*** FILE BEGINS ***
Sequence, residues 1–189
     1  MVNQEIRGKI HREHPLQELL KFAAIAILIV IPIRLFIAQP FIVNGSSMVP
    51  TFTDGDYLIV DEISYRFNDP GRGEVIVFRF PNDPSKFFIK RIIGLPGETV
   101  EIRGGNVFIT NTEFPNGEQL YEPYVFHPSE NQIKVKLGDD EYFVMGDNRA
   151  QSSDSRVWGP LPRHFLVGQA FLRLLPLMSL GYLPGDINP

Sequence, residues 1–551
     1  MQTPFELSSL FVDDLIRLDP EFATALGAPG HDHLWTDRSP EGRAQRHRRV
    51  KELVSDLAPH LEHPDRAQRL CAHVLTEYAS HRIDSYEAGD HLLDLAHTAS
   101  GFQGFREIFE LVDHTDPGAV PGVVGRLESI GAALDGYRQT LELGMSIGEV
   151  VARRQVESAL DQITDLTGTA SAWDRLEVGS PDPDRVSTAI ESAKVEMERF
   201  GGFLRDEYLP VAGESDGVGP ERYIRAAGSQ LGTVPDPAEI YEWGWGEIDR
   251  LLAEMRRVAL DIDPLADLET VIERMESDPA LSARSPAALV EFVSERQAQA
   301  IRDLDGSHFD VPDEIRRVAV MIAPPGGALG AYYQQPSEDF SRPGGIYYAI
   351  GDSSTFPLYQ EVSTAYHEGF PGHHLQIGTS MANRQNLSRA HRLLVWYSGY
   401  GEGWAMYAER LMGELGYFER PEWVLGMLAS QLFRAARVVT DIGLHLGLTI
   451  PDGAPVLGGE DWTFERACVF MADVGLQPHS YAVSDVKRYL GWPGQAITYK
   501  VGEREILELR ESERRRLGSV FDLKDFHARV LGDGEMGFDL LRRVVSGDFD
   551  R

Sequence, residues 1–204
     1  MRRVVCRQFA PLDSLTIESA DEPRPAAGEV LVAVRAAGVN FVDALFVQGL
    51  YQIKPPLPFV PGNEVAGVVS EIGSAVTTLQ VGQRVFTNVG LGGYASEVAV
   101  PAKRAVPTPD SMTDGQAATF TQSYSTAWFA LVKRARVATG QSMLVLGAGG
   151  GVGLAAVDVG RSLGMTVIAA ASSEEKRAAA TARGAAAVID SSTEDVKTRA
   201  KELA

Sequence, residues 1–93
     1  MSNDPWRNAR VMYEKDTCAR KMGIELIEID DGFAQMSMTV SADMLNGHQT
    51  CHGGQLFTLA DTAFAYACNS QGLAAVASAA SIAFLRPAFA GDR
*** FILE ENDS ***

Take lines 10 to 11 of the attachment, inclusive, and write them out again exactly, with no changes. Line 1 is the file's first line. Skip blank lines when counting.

   151  VARRQVESAL DQITDLTGTA SAWDRLEVGS PDPDRVSTAI ESAKVEMERF
   201  GGFLRDEYLP VAGESDGVGP ERYIRAAGSQ LGTVPDPAEI YEWGWGEIDR